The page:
The "GPDO Part 14 Classes A and B - LDC Appeal Decisions" document has been updated to include 1 additional appeal decision relating to solar panels on domestic premises, for which the conclusions are as follows:
October 2020 - Code P14CAB-010 (appeal dismissed):
- This appeal decision provides an example of where the Inspector assessed the solar panels against conditions A.2(a) and A.2(b) (which require that such equipment is, so far as practicable, sited so as to minimise its effect on (a) “the external appearance of the building” and (b) “the amenity of the area”) and concluded that this would be unacceptable.
[Conclusion: The solar panels on the south-west front roof slope of the main house and the south-east side roof slope of the original two-storey front projection do not comply with A.2(a) and A.2(b)].
- In particular, it was concluded that certain alternative locations would not be “practicable”.
[Note: This appeal decision implies (rather than states) this conclusion].
[Conclusion: The north-east rear roof slope of the main house would not be “practicable” because insufficient light].
[Quote: “I also accept that given that the rear roof pitch of the dwelling faces to the north east, that the most practical option – in terms of receiving most sunlight - would be to position the panels on the [south-west] front facing roof pitch.”].
- Conditions A.2(a) and A.2(b) can require a reduction in the overall area covered by the solar panels (e.g. the size of each solar panel, their total number, etc). (*)
[Quote: “The recommendation [within the submitted quotation] is a PV array comprising 15 panels, configured as one block of eight panels, located on the south west facing roof, and one block of seven panels (configured as one row of four panels over one row of three panels) to be mounted on the south east facing roof elevation. The second option is a larger solar array comprising 17 panels with the additional panels being installed on the south west facing roof elevation. To pursue an option beyond the recommended 15 panels runs counter to minimising their effect because, in general terms, a lesser number of panels is more likely to be able to be sited in a way which minimises their effect. Moreover, the quote demonstrates that the required amount of panels can be accommodated in two locations on the roof. The sketch provided however, shows that the panels would have a significantly greater roof coverage than that stated in the quotation, being sited in two locations on the main front facing roof pitch and on one side of the pitch to the projecting feature gable. All of these locations would be visible from various points of [the highway]. Consequently, restricting the location of the panels to two locations on the roof, rather than three, would result in a lesser effect on the external appearance of the dwelling and the amenity of the area.”].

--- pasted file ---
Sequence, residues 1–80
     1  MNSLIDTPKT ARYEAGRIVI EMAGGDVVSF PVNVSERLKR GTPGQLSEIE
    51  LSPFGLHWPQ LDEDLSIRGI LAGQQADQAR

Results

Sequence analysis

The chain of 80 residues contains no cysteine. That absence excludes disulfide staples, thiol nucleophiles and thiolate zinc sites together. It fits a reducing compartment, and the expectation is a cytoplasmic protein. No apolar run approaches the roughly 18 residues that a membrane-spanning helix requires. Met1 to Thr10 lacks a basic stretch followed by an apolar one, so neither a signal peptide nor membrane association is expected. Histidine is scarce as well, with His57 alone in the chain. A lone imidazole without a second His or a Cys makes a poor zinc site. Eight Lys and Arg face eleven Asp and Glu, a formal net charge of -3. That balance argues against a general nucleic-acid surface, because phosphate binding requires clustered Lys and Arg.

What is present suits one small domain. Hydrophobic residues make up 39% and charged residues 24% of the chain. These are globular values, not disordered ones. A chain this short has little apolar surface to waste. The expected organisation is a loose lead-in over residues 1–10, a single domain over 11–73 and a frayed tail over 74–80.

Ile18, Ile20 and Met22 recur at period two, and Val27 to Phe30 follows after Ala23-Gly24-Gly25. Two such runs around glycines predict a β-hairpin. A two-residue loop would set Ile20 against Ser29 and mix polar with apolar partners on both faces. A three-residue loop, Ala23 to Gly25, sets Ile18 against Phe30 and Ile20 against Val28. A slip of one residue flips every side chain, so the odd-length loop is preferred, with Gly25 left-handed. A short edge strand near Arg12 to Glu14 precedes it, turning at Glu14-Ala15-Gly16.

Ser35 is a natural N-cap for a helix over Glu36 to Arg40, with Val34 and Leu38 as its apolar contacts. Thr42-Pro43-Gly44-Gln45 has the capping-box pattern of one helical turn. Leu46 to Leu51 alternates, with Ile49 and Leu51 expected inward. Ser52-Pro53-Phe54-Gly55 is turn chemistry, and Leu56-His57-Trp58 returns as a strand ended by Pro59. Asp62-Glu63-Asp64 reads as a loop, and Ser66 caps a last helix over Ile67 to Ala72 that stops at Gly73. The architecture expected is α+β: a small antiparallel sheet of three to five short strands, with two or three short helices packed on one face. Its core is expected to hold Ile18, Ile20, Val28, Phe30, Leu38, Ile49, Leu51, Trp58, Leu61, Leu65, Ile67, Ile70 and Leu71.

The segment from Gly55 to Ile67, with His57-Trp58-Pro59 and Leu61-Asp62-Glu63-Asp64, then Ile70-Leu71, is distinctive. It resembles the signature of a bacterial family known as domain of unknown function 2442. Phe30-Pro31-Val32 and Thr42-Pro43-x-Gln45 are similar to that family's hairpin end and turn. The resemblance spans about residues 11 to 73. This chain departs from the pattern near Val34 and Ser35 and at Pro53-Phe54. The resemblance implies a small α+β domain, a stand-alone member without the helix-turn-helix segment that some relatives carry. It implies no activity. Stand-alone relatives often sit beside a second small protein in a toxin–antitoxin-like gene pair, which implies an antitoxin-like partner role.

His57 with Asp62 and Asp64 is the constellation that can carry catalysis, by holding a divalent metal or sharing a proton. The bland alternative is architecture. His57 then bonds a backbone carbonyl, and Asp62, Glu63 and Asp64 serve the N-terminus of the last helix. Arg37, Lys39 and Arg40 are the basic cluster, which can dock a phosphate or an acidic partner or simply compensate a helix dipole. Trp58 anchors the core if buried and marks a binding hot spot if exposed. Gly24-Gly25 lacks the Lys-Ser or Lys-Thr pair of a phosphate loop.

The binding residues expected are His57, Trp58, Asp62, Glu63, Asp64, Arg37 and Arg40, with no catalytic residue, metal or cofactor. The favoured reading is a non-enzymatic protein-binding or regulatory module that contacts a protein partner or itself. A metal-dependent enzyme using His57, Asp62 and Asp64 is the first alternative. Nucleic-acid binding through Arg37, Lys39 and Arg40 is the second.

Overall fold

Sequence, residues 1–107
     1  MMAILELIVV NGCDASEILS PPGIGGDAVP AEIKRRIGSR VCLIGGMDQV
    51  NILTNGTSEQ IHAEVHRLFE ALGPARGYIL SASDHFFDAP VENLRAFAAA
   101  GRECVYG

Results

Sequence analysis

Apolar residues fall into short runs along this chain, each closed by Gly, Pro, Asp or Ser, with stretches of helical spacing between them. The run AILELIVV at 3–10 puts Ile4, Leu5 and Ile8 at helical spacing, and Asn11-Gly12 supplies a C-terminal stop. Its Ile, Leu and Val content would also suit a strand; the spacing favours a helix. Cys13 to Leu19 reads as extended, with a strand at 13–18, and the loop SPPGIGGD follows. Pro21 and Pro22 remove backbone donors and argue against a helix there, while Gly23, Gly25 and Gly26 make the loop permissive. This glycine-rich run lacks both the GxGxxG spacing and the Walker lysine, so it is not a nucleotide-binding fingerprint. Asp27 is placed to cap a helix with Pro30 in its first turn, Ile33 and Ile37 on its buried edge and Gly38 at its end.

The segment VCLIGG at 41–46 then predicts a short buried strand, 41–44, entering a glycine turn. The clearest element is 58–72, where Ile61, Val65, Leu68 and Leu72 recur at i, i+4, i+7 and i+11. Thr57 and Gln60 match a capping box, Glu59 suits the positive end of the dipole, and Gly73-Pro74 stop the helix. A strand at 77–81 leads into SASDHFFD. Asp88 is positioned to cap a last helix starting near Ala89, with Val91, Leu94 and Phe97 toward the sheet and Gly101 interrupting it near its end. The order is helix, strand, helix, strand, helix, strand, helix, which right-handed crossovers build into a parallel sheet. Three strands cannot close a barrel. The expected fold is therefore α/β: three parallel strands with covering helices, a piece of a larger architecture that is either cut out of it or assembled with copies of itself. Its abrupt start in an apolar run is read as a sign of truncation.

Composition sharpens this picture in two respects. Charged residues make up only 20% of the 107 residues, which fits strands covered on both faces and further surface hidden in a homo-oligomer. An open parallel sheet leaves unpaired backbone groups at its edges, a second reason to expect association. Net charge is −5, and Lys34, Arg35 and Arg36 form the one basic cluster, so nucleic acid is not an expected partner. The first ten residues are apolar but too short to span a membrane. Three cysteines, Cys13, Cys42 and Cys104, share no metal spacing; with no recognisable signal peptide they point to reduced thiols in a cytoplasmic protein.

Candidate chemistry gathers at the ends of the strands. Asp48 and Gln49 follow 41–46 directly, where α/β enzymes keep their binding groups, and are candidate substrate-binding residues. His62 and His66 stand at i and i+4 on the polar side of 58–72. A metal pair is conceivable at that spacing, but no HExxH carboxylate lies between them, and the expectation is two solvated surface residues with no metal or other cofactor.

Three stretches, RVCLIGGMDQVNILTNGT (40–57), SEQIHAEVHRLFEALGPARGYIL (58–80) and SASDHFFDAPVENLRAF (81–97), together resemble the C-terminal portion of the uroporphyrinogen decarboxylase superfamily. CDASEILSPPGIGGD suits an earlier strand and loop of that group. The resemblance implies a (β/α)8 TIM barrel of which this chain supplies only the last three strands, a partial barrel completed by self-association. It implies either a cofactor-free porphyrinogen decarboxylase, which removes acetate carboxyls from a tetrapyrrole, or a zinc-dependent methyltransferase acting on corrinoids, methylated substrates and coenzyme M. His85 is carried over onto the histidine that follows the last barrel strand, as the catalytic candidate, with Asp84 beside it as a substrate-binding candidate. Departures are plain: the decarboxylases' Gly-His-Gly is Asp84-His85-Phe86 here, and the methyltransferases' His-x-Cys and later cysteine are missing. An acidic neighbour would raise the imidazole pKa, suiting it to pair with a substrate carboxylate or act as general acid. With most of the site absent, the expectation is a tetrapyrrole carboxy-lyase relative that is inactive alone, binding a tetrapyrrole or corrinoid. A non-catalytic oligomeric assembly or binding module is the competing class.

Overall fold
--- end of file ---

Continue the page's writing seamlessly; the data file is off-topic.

- This appeal decision provides an example of where the Inspector, when assessing the effect of the solar panels on (a) “the external appearance of the building” and (b) “the amenity of the area” for a scheme for which relatively limited details had been submitted, concluded that an LDC should be refused on this basis.
[Quote: “Moreover, the sketch provided shows only the general location of the panels and does not show how they would be arranged in relation to architectural features of the roofscape, including the smaller gables and pitched dormer. It has not therefore been shown that they would be sited so as to minimise the effect on the external appearance of the dwelling.”].
- To view the conclusions, summaries, and decision notices for any of the above appeals, please view the "GPDO Part 14 Classes A and B - LDC Appeal Decisions" document. As a member of the Planning Jungle website, you can view the decision notices for all of the appeals on the website for no extra cost.
- Any of the above conclusions marked with a "(*)" contradict other appeal decisions. The "Reference Section" within the above document indicates how many appeals have supported and contradicted each particular conclusion.